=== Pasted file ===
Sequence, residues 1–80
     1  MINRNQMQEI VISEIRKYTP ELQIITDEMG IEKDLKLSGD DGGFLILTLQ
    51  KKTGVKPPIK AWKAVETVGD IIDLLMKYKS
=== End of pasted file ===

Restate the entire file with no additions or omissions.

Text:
Sequence, residues 1–80
     1  MINRNQMQEI VISEIRKYTP ELQIITDEMG IEKDLKLSGD DGGFLILTLQ
    51  KKTGVKPPIK AWKAVETVGD IIDLLMKYKS